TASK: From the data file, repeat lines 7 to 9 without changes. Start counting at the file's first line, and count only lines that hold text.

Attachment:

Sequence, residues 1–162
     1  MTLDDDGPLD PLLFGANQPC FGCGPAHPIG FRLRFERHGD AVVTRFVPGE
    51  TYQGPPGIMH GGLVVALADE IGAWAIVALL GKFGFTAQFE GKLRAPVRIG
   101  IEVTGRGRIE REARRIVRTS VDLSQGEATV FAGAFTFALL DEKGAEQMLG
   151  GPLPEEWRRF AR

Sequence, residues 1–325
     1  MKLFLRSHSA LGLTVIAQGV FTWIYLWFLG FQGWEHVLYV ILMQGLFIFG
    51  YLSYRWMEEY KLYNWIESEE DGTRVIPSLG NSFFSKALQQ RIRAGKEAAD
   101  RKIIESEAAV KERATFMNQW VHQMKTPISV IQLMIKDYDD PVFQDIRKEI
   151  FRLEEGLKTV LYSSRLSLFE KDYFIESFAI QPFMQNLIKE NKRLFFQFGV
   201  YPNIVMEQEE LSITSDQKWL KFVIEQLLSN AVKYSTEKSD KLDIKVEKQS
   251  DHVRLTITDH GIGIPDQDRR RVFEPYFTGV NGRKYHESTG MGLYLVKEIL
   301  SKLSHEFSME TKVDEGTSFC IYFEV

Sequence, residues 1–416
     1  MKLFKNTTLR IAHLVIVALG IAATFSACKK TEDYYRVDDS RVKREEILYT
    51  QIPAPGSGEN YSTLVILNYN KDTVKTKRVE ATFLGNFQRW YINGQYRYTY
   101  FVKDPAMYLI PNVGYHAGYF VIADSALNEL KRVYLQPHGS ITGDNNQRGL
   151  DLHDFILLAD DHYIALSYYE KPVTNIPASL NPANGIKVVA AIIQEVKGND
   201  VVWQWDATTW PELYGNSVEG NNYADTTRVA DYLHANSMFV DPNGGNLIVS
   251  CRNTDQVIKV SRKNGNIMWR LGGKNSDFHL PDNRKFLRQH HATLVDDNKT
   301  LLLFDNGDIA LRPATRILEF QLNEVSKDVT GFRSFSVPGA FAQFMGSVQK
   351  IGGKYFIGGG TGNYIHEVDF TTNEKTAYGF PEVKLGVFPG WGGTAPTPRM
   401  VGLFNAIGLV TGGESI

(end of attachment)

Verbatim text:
     1  MKLFLRSHSA LGLTVIAQGV FTWIYLWFLG FQGWEHVLYV ILMQGLFIFG
    51  YLSYRWMEEY KLYNWIESEE DGTRVIPSLG NSFFSKALQQ RIRAGKEAAD
   101  RKIIESEAAV KERATFMNQW VHQMKTPISV IQLMIKDYDD PVFQDIRKEI